Taking the broad view, Bean said the potential clearly exists for more remote work and home-based employees.

“In the end, everything that is going to happen was going to happen anyway,” he noted. “However, five years was just shaved off of the schedule that was otherwise going to play out, dramatically accelerating that process.”

After all, he added, the core value of technology today is that it moves quickly — often before people are ready.

“It’s hard for anyone to truly know the future when still in the midst of something unprecedented like this,” Cicco added. “I have no doubt that this forced work-from-home experience has validated the potential of flexibility and how productive an organization can be working remotely, while, at the same time, reinforcing the importance of people coming together in the same space to achieve common goals.”

So maybe there’s room for both models.

“I am certain the learnings from all this will undoubtedly move us forward in providing the best of both worlds,” she said, “supporting employees working from home when it makes sense for them and their work, along with continuing to foster the right work environment that safely draws people together to collaborate and innovate.”

Joseph Bednar can be reached at [email protected]

Modern Office Sections

More Than a Desk

Mark Proshan at a sit-stand desk

Mark Proshan at a sit-stand desk, one of hundreds of display pieces in Lexington Group’s 165,000-square-foot warehouse.

In the 28 years Mark Proshan has been in the furniture-sales and office-design business, he has seen plenty of change, from a greater emphasis on open, collaborative spaces to more challenging timetable demands from clients. Through it all, though, he continues to cultivate a business philosophy built on relationships and trust — even at a time when many clients are more interested in speed and cost.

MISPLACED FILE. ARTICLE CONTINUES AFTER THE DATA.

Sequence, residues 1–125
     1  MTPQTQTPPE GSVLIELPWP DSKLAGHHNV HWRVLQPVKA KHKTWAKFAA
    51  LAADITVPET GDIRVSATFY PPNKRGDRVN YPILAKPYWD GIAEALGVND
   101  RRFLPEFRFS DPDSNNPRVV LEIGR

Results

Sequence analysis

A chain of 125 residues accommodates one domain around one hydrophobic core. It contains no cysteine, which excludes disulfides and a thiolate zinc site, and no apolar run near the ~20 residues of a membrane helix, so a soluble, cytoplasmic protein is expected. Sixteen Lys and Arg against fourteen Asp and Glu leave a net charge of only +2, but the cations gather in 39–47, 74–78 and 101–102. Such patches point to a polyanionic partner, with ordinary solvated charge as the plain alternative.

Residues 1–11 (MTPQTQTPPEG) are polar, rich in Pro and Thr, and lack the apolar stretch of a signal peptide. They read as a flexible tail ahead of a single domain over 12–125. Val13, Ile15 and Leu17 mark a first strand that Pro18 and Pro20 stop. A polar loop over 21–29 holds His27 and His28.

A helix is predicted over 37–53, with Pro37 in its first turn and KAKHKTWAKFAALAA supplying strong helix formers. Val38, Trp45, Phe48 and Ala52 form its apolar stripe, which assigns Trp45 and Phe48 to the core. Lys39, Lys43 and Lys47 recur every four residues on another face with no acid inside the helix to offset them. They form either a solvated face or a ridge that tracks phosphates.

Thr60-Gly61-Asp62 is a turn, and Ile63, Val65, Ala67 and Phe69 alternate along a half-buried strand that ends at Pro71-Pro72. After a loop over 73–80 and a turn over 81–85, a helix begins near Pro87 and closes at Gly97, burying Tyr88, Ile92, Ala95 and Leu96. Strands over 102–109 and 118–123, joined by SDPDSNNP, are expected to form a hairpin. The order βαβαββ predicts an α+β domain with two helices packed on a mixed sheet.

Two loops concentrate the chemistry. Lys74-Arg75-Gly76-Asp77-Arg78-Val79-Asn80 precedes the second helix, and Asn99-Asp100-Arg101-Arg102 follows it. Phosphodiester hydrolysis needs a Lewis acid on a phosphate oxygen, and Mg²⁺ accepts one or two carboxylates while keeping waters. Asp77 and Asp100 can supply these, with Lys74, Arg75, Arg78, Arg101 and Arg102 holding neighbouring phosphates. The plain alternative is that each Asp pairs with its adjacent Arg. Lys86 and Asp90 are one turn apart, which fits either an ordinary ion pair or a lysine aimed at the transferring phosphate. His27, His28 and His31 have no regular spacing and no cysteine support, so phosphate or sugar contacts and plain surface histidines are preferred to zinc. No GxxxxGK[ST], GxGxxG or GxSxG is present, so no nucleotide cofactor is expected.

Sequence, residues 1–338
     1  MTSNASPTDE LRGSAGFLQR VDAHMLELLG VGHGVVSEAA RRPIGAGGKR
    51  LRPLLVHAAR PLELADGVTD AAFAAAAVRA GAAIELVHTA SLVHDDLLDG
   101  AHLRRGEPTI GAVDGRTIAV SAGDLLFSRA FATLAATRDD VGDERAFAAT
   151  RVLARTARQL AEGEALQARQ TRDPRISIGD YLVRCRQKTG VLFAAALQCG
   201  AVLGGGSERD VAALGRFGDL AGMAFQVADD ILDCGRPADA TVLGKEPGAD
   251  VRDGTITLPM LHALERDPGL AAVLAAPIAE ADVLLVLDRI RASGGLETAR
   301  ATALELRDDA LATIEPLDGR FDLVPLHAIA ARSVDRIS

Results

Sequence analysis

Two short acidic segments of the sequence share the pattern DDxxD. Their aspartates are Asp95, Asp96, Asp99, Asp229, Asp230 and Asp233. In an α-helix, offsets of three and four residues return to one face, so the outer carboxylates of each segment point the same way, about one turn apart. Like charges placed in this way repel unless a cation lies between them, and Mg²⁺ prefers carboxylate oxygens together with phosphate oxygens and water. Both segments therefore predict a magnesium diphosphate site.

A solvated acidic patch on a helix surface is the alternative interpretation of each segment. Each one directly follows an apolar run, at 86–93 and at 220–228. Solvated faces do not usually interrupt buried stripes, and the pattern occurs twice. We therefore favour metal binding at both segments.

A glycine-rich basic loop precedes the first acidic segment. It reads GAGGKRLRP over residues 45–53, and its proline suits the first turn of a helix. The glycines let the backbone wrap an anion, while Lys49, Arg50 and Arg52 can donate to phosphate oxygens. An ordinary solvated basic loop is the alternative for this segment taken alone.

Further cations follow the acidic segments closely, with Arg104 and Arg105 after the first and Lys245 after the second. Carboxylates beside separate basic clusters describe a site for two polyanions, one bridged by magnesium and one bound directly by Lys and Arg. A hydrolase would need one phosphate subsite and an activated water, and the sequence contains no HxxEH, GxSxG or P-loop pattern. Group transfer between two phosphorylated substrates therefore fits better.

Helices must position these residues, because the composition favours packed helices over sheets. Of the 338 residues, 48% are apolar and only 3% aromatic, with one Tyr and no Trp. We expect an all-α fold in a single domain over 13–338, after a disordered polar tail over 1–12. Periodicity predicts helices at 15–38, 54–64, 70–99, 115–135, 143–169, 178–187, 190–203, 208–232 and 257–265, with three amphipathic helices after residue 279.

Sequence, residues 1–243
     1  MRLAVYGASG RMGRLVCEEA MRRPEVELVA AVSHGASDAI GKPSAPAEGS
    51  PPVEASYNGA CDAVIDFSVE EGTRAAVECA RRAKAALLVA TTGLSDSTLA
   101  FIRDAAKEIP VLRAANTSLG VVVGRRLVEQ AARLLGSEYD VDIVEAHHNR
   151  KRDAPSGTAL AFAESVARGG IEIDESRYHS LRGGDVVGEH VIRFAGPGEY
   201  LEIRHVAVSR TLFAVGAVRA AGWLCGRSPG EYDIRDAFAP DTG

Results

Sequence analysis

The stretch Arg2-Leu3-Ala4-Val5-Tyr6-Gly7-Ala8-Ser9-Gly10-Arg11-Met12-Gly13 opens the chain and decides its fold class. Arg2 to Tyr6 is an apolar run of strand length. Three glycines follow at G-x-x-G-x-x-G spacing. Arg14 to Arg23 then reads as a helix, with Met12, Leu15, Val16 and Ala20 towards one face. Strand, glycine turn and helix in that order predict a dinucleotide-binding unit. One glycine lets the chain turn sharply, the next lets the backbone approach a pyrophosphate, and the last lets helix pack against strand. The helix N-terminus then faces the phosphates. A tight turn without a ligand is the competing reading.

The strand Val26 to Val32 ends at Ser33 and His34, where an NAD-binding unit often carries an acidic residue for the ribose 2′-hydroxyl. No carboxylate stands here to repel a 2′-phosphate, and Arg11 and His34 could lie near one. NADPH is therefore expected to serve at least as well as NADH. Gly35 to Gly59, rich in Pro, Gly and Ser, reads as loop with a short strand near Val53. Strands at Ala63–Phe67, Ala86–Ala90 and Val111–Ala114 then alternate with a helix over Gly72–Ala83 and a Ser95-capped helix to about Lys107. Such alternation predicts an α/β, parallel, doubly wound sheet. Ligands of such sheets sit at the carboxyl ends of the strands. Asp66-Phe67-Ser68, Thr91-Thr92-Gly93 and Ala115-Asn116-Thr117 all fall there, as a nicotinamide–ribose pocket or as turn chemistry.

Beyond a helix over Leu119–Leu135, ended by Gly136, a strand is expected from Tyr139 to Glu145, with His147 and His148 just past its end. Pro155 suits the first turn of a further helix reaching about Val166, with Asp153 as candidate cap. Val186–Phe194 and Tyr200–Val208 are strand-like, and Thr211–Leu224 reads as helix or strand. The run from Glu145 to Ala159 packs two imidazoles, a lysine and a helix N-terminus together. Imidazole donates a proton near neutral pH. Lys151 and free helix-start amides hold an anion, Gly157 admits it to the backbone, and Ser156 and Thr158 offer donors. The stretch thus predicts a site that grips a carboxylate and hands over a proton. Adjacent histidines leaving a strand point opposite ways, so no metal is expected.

Mark Proshan says he can count on one hand the number of contracts he’s drawn up over the years. He’d rather do business with a handshake.

“Relationships in this business are important,” he said. “The more you talk about it, the more cliché it sounds, but the notion that somebody can count on you when you promise to deliver something still means something, and our customers value the notion that we don’t promise things we can’t deliver.”

Proshan, owner of Lexington Group, which specializes in sales of new and refurbished office furniture as well as interior-design solutions, said he’s always been willing to lose money if it meant keeping a commitment he made to a customer.

“It’s fundamentally more important for that person to know I did everything conceivably possible to do what it was I said I would do. The lion’s share of new business comes from referrals from other people, and if that’s the way you market yourself, you’re only as good as the last job you did. If you don’t do what you said you’d do, your ability to gain a referral based on past work will dry up very quickly.”

These philosophies are important in many businesses, but they’re especially relevant to someone who launched his company 28 years ago and has seen so many other facets of the business — from the products customers are looking for to the timetables they expect — change so much.

“You need to adjust to what’s happening, to stay current,” Proshan said, and part of that is understanding clients’ shifting demands.

“We used to have people come in here with blueprints for a project six to nine months in advance, and they’d want to talk about their plans for a new space and everything that goes along with that, from carpeting to lighting to furniture and walls,” he told BusinessWest. “Now, we’re seeing younger people who show you a couple of pictures on their phone — ‘this is what I’m looking for’ — and if you can’t give it to them right away, they’re gone in the blink of an eye. It requires a whole different way of trying to figure out how to keep them engaged.”